Congress speaks out about EPA’s Pavillion report
HOST INTRO: The E-P-A has released its preliminary report on groundwater contamination near the town of Pavillion. The environmental agency’s findings -- that chemicals found in the aquifer are “likely” associated with hydraulic fracturing -- could escalate the emotionally and politically-charged debate over domestic energy production. From Washington, Elizabeth Wynne Johnson reports on what Wyoming lawmakers and environmental advocates are saying about what happens next.
ELIZABETH WYNNE JOHNSON: According to the Environmental Protection Agency, samples taken from deep monitoring wells in the aquifer indicate the presence of chemicals such as glycols and alcohols that are “consistent with” gas production and the fluids used in hydraulic fracturing. The EPA’s three-year study in Wyoming found benzene in concentrations well above the standards set by the Safe Drinking Water Act, and high levels of methane, as well.
Congresswoman Cynthia Lummis’ initial response to the report:
REP. CYNTHIA LUMMIS: We’ve all known for years that the water’s bad. We have to get good water to the people of Pavillion that are affected by this. So first and foremost, we should be concerned about them. But secondly, it is important to find out what’s causing it.
AMY MALL: People across the country have been saying for a long time that they think groundwater contamination is related to hydraulic fracturing, and there’s been a lot of debate about it because the proper scientific investigations were never done.
JOHNSON: Amy Mall is a senior policy analyst who specializes in oil and gas development at the Natural Resources Defense Council. What the EPA had to say in this report about the origins of the chemicals found in the water samples near Pavillion… had never been stated in these terms:
MALL: Ultimately the EPA concluded that some of them were related to hydraulic fracturing.
JOHNSON: The Canadian energy company Encana disputes the agency’s preliminary finding that the region’s groundwater contamination was “likely associated” with hydraulic fracturing… noting that people in and around Pavillion have long complained about contaminated well water.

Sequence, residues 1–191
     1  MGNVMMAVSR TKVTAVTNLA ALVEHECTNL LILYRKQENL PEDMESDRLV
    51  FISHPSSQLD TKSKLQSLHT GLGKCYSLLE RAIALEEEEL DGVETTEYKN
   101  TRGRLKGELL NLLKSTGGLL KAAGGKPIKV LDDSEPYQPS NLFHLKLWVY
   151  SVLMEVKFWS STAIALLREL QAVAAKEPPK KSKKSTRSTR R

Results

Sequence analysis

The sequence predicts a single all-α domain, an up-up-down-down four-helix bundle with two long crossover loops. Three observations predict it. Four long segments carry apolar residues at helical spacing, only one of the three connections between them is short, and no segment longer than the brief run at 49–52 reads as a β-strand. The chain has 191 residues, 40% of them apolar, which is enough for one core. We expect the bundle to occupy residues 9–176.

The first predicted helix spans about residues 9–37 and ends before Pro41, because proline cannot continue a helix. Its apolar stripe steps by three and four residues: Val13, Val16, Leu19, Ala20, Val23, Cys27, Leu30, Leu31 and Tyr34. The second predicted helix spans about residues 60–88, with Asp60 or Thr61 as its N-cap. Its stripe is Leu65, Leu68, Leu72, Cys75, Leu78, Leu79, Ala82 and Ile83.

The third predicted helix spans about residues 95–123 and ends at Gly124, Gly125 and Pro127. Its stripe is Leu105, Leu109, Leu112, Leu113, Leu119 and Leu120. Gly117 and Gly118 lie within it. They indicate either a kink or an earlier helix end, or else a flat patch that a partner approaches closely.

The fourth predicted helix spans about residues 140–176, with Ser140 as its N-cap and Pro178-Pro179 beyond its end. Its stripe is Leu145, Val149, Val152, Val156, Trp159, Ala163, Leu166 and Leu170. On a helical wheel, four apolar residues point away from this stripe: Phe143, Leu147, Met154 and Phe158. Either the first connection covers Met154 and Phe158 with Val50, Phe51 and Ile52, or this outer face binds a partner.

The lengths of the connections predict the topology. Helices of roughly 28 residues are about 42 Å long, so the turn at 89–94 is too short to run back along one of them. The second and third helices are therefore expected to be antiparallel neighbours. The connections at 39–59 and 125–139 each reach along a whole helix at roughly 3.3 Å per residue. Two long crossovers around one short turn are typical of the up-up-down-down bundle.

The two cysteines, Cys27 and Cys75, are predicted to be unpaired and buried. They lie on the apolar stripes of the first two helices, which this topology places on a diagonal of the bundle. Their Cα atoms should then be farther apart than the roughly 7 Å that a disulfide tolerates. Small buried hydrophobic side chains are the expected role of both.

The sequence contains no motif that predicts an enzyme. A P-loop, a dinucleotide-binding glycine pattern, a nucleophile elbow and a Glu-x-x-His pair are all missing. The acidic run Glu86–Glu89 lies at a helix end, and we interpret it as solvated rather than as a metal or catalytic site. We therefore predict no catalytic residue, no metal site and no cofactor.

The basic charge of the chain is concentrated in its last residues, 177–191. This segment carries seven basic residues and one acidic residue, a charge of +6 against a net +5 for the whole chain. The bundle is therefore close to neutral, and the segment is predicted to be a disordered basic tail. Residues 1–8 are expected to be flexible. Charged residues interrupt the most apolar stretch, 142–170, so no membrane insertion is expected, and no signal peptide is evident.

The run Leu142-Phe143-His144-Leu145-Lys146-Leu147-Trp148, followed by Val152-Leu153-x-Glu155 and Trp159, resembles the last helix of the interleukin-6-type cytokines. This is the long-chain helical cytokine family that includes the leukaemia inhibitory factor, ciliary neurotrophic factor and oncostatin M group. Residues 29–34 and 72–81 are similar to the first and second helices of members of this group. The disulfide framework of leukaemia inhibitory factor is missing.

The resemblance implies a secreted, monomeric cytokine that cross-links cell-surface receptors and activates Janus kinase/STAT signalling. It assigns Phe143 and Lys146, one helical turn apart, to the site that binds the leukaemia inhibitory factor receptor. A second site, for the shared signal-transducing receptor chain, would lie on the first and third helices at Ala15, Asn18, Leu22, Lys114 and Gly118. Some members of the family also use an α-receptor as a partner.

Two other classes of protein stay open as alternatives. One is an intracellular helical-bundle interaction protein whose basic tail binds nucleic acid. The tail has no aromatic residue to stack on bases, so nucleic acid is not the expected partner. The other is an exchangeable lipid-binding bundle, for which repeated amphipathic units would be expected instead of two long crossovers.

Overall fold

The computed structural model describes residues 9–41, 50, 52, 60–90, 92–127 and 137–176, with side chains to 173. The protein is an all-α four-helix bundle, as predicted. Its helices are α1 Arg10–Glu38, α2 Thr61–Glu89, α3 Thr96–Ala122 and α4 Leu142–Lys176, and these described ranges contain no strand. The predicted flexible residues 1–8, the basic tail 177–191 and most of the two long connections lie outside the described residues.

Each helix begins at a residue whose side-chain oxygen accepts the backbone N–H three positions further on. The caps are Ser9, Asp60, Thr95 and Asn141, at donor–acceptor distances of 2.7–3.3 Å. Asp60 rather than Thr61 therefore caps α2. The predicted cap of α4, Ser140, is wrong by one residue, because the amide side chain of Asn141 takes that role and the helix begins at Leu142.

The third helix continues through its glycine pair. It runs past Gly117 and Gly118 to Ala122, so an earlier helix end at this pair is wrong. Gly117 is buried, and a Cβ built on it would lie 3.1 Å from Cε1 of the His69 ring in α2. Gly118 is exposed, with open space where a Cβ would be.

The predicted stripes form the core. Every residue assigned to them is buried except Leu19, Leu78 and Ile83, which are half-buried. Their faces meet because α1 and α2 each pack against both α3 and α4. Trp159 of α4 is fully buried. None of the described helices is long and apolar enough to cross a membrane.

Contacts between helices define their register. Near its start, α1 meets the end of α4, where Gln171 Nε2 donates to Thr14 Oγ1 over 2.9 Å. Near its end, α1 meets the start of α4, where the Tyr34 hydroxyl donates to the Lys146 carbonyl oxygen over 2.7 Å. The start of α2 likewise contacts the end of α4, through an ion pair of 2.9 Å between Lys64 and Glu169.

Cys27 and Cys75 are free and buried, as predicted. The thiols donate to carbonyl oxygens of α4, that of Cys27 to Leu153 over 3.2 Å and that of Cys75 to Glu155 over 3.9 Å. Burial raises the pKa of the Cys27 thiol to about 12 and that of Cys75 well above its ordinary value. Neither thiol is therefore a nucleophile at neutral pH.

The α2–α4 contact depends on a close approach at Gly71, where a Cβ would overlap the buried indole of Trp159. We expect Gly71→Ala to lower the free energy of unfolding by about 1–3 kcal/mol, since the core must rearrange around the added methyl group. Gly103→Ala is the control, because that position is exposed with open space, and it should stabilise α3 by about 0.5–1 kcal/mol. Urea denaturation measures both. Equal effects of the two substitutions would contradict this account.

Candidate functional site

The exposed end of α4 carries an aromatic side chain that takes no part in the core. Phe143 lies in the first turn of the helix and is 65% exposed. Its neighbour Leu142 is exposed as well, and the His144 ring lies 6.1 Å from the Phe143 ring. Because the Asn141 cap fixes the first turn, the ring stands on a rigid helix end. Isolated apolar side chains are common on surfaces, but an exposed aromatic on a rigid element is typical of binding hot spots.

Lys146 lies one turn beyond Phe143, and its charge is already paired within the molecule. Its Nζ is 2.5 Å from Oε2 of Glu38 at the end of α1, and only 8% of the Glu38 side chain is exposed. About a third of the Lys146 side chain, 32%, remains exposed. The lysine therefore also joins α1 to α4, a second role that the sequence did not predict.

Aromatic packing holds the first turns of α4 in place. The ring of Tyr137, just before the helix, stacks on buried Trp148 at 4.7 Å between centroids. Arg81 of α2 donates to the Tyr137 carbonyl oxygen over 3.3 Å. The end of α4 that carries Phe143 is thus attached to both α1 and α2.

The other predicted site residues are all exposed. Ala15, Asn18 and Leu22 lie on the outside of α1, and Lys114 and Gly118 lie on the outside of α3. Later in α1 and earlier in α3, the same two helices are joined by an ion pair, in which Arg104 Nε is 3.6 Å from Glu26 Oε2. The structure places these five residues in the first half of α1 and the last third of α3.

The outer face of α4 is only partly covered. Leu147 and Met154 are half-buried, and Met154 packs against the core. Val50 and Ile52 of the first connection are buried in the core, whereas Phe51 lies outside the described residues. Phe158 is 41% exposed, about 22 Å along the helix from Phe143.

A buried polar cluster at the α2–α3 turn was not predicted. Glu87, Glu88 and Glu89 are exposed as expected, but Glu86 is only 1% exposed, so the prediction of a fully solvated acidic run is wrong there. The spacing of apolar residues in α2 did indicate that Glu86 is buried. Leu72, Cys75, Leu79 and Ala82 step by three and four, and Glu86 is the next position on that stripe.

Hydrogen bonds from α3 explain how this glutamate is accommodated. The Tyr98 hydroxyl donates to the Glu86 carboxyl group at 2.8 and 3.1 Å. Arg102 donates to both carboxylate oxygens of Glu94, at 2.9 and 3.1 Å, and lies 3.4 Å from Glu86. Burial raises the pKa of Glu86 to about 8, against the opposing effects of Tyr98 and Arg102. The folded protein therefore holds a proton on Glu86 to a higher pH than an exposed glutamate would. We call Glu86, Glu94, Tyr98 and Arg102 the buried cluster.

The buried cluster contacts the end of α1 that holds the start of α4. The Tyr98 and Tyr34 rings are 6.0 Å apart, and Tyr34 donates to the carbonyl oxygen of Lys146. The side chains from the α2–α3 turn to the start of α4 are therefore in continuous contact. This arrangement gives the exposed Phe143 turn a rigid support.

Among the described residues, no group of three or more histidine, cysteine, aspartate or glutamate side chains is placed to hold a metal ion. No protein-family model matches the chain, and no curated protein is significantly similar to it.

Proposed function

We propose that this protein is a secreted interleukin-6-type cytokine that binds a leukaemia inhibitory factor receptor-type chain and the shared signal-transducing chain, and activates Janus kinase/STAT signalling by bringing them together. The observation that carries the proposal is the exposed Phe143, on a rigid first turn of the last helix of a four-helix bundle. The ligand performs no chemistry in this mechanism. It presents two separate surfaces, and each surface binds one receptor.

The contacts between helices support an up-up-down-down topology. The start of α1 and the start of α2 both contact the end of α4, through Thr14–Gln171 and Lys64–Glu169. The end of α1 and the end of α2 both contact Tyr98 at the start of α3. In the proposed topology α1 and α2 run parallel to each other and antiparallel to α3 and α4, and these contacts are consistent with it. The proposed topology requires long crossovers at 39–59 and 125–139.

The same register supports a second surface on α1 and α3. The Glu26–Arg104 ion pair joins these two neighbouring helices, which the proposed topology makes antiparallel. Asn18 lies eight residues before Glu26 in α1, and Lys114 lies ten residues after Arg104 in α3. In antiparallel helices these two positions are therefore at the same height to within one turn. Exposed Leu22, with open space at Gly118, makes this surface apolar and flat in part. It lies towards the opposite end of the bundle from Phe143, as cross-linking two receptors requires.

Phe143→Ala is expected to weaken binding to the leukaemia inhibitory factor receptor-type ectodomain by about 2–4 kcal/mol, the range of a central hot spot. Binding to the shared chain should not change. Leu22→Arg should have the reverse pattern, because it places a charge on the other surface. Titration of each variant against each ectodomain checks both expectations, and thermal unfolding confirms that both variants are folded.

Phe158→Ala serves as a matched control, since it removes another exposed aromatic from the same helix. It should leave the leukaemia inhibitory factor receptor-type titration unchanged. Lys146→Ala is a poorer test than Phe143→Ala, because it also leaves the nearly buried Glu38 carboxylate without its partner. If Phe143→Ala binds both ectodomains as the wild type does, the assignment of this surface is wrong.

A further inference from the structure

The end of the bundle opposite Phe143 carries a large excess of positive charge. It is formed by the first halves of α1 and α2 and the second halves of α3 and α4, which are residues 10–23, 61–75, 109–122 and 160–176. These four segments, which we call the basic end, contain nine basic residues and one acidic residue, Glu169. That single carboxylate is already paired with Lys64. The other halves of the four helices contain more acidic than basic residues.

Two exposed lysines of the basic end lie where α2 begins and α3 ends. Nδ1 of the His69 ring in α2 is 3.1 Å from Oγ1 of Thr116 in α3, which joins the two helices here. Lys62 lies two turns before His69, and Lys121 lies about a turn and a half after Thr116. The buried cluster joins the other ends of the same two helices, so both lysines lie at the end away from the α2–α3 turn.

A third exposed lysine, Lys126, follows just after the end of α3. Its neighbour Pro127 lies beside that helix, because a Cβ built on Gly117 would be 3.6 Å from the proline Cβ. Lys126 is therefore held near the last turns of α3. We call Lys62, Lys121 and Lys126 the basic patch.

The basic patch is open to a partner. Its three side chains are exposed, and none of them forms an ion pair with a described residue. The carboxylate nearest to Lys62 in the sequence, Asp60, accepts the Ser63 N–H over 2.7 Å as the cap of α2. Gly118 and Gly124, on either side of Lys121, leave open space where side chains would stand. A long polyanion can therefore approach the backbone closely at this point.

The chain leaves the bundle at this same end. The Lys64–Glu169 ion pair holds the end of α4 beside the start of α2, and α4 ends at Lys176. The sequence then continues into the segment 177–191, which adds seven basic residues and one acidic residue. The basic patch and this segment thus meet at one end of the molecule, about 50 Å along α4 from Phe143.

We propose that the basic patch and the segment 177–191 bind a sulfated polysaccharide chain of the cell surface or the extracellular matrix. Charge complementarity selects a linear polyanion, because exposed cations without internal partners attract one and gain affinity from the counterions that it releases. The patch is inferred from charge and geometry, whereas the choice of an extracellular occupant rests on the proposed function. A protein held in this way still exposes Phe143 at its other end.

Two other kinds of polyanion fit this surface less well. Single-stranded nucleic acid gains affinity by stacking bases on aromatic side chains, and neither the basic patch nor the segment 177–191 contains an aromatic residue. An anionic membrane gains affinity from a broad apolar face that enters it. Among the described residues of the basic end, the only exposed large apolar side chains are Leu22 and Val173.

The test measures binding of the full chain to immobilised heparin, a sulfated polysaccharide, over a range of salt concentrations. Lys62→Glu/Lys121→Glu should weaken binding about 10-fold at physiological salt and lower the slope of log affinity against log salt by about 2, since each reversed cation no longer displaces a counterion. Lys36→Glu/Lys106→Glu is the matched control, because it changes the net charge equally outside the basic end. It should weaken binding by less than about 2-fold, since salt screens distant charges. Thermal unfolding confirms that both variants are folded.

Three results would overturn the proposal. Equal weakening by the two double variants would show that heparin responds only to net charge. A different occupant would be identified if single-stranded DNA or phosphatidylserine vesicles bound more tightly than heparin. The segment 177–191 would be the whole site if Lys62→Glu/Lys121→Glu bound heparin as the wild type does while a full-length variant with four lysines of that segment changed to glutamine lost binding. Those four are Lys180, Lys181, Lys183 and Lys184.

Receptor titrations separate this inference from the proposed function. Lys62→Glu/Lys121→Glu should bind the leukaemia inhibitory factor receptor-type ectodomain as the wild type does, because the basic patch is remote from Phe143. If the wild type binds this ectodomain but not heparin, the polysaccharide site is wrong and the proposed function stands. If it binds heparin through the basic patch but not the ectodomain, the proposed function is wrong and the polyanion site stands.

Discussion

The next step is to bring in a third party to assess the E-P-A’s work, and Congresswoman Lummis has an idea for who that should be.
LUMMIS: We need some additional peer review on their conclusions and what drew them to their conclusions. And I think it’s appropriate that that come from the Wyoming DEQ.
JOHNSON: That would not be the conventional way to go. According to Mall of NRDC, peer review is typically done by academic scientists who have the appropriate credentials and who are financially independent – meaning they don’t work as consultants for the industry and are free from even the appearance of bias or potential conflict-of-interest. She doesn’t think the Wyoming Department of Environmental Quality should be the source of a peer review in this case.
MALL: It’s not standard practice and it would not be the appropriate route to go – because the state’s been responsible for what’s been going on in Pavillion as the regulator, and clearly many things went wrong… so the state has a very vested interest in defending itself and its past oversight.
JOHNSON: Among those wanting more testing: Wyoming governor Matt Mead. And he has the backing of Wyoming Senator John Barrasso.
BARRASSO: I support Gov. Mead and what he’s doing in Wyoming specifically related to this. [I’ve] reviewed the report from EPA. We want to make sure the people in that community have safe water.
JOHNSON: In fact, that’s pretty much all Barrasso has to say on the matter.
BARRASSO: I agree with our governor’s approach and we’re going to be supporting him.
JOHNSON: He’s not saying for now what he thinks about the E-P-A’s methodology or findings.
BARRASSO: I’m looking forward to seeing what the governor’s able to find.
JOHNSON: The E-P-A itself has not characterized its own findings as 100-percent conclusive. But according to NRDC’s Amy Mall, the true significance of this report is that it has implications beyond the specifics of “fracking.”
MALL: The bottom line is that EPA found a lot of very sloppy, irresponsible practices in Pavillion that led to groundwater contamination. I don’t think anybody can disagree with that – and that’s what needs to be fixed, whether it’s Wyoming or any other state in the country where oil and gas production is taking place. The regulations and the enforcement and oversight have not kept up with the expansion of the industry and all the new technologies that are being used.
JOHNSON: The draft report has now entered a 45-day public comment period After that, comes a 30-day window for the peer-review panel to review the draft… and to review the E-P-A’s methodology.
For Wyoming Public Radio I'm Elizabeth Wynne Johnson in Washington.